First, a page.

I’ve fallen in love with cities in the past, but never this quickly. Bangkok took a bit of time, upon our second visit we finally dove into what she had to offer. Montreal happened much faster. With Seoul, the depth of love wasn’t realized until we’d left. Edmonton of course, our hometown, goes without saying. However, within the first day of arriving in Medellin, with it’s cool air and laid-back vibe, It’s clear. I’m in love with this city.
Following another night bus without sleep, we arrived. We learned quickly how to move in this city. Boarding the rush-hour-packed metro, the doors close on me. Unlike similar transit we’re used to, the doors aren’t easily forced open. I could feel the motor struggling to seal the train car.
Thankfully, me – and my backpack – made it on board with the help of about eight strangers. Half of them gripping the doors while the rest pulled me inside. Judging by their immediate calmness afterwards, they’ve seen this before. While my arms and ego received a few scrapes and bruises, my camera gear and laptop went unscathed.
A good friend had recently visited Medellin and gave it nothing but high praise. We’d read little bits here and there, hovering around the internet. Aside from that, we knew very little about the city or even Colombia at all. Given it’s tumultuous recent history, we hadn’t given much thought in the past about visiting.
The only real glimpse into Colombia for most foreigners – us included – is from Narcos and the infamy of Pablo Escobar. We were wrong of course. Although a fair portion of the tourism here is for those reasons, to most locals, he’s long forgotten. A small player from an unfortunate period. A drop in the bucket.
As the modern train moved high above the streets, we viewed our new home for the first time. Shopping centres, high-rises, hip fashion, beautiful green parks, and craft beer shops. Of course, many years have passed since gunfire and car bombs ruled the city. No longer the shit-hole depicted on Netflix, Medellín’s days as the most dangerous city in the world are over.
Our Medellin Apartment
We breath the fresh, clean air as we hop of the train in the laid-back neighbourhood of Laureles. With a few hours to kill before checking into our new apartment, we sit down at a little cafe. The young woman behind the counter takes our order. Two much-needed coffees and a fantastic ham-tomato-cheese bagel arrive shortly.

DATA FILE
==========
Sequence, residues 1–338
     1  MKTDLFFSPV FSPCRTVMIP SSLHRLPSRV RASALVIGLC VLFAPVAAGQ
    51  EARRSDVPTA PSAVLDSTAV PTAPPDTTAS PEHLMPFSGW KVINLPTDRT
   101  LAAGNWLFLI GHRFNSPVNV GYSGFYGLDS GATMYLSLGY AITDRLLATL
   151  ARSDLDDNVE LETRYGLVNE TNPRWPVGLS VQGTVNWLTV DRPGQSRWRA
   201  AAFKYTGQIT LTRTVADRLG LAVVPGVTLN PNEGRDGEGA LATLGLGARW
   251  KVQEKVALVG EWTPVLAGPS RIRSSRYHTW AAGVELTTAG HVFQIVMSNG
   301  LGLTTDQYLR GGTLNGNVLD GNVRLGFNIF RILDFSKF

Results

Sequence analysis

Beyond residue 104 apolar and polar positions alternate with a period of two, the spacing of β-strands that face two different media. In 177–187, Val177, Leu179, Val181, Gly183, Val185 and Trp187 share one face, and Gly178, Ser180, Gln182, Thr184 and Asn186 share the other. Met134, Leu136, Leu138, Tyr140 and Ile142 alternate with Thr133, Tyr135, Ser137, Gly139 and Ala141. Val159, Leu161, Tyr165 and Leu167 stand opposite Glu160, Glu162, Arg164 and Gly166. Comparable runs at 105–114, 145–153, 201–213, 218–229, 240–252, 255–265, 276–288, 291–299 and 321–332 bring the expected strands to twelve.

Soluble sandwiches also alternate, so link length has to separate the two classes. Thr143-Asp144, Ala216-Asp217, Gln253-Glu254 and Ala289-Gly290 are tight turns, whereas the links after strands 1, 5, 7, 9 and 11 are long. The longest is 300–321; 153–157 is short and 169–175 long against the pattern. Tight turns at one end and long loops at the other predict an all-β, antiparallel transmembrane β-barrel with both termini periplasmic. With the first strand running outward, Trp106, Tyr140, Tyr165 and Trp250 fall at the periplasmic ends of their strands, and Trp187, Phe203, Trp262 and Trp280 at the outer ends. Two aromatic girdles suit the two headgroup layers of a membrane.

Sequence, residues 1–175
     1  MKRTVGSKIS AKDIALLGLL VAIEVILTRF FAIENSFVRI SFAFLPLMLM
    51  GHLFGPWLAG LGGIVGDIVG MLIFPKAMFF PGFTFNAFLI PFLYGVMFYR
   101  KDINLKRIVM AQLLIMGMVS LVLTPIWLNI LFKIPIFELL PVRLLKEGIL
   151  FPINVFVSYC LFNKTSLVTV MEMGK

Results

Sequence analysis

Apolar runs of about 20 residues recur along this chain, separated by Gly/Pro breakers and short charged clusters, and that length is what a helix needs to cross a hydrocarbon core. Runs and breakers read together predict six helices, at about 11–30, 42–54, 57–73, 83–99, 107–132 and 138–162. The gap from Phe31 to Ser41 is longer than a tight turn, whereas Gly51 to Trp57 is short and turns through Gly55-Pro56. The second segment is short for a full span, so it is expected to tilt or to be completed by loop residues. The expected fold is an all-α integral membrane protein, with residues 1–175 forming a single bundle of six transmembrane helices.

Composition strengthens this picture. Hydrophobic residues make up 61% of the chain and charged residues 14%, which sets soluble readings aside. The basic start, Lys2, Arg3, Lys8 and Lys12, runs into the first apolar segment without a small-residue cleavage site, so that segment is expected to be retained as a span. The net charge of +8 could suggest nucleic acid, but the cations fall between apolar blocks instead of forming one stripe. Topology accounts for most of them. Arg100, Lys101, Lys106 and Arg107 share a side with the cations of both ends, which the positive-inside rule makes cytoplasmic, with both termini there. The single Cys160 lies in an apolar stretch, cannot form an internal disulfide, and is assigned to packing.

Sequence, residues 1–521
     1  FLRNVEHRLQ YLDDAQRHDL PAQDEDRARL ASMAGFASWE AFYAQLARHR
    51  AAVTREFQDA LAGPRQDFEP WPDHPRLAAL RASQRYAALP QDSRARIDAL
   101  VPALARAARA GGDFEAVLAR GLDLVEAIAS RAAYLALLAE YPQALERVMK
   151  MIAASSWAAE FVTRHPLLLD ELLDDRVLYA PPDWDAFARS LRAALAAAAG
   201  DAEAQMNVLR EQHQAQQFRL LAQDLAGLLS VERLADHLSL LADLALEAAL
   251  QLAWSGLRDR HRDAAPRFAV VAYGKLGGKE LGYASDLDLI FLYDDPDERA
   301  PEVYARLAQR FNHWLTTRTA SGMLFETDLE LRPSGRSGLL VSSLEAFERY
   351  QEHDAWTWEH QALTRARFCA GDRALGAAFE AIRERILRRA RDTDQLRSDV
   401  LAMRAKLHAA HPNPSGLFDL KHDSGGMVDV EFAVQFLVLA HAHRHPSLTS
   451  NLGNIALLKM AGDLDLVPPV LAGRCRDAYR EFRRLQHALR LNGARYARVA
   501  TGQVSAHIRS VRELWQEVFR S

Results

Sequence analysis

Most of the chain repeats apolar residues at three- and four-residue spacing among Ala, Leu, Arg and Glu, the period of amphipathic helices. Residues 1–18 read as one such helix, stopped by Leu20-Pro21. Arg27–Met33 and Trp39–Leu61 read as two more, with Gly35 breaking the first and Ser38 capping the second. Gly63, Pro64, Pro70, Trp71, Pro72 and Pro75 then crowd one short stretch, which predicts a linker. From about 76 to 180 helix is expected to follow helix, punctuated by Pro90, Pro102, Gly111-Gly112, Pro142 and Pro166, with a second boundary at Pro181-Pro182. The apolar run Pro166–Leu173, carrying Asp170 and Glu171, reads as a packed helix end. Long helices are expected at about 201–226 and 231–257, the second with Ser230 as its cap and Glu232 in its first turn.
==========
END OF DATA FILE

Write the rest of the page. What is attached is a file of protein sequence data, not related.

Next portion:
After catching up on some e-mails, we walk a few short blocks to our new pad for the month. The doorman(!) greets us and we collect the keys. Our jaws hit the floor as we open the door. The first thing we see is the kitchen. Next is the stunning view from our seventh floor balcony. The beautiful hillsides surrounding this great city leave us in awe. Turning, we see the first of three couches and living room as we walk to the bedroom. Again more stunning views from the massive window above the bed. This apartment is nicer than our old homes back in Canada!
Too tired to properly function but wired on caffeine and adrenaline, we head out for a walk.
Home in Laureles
We follow the tree-lined creek – ok, storm drain – that cuts through Laureles. A few blocks down we find a great little market full of fresh meat and a wild selection of produce. A little further and we pick up the necessities from a chain-supermarket and make our way home. The whole way passing friendly residents who never hesitate a smile and buenas.
Oddly enough, going back to the Escobar theme. For the first few days on our daily grocery run, we passed the spot of his eventual demise. His final safe-house (how ironic) and place of death is only three short blocks from our front door.
Following some celebratory travel-day drinks and an early supper, we went for a short walk. Given the city is situated deep in a valley, it’s dark early. “Don’t walk around at night”, they say. While I’m sure this applies to some areas, our neighbourhood couldn’t feel any safer. With it’s mix of older homes and new apartments, old trees and fresh air, it’s not only comfortable but oddly familiar. Yesterday a teenager passed me on a downhill mountain bike, wearing full gear, a cloud of weed smoke in his wake. This place is more like neighborhood in Vancouver than the Latin America we’ve grown custom to.
The city of eternal spring as it’s known, Medellin’s climate is it’s biggest draw for the majority of expats. For us, it’s simply a bonus. The city is full of friendly people, delicious street food, and all of the conveniences one might want to feel comfortable. With just enough edge to remind us that we’re so very far from home, this is somewhere we felt we could eventually settle for some time.
Two weeks in, that feeling continues to deepen.
I love Medellin.
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